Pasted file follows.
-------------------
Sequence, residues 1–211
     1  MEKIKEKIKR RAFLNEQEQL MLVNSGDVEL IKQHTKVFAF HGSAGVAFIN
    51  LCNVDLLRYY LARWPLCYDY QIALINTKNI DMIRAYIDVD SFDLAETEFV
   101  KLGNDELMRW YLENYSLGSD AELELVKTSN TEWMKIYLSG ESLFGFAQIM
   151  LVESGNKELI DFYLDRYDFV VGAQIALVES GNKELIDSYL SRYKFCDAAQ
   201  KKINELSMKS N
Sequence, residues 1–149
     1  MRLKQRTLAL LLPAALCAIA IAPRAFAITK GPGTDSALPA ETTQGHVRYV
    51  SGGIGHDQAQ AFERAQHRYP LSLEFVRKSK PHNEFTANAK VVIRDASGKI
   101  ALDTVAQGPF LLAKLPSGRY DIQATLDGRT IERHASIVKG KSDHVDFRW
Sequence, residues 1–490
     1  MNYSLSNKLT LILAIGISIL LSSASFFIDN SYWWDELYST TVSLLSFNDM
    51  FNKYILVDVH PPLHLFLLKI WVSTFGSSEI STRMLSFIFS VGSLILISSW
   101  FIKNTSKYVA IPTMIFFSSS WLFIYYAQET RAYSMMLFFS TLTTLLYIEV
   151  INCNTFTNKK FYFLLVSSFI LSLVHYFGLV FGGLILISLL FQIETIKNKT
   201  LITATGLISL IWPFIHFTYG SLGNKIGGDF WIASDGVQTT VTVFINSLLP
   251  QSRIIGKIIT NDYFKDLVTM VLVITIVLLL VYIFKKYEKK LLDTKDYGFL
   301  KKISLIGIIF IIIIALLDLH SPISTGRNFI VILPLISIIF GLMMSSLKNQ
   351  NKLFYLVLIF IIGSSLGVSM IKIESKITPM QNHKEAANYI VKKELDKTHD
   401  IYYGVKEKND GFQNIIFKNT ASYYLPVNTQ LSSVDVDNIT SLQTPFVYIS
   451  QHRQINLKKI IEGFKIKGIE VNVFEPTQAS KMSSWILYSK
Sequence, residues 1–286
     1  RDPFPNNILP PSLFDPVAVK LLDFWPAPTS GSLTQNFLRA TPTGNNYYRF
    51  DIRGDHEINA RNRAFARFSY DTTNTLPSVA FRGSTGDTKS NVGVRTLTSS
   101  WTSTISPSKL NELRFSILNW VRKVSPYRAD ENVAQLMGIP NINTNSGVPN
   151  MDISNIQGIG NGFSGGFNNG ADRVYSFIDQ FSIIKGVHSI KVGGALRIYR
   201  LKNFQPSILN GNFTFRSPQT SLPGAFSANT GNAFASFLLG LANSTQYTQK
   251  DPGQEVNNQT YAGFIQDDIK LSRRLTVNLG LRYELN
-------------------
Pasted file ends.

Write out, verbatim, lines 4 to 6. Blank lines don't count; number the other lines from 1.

   101  KLGNDELMRW YLENYSLGSD AELELVKTSN TEWMKIYLSG ESLFGFAQIM
   151  LVESGNKELI DFYLDRYDFV VGAQIALVES GNKELIDSYL SRYKFCDAAQ
   201  KKINELSMKS N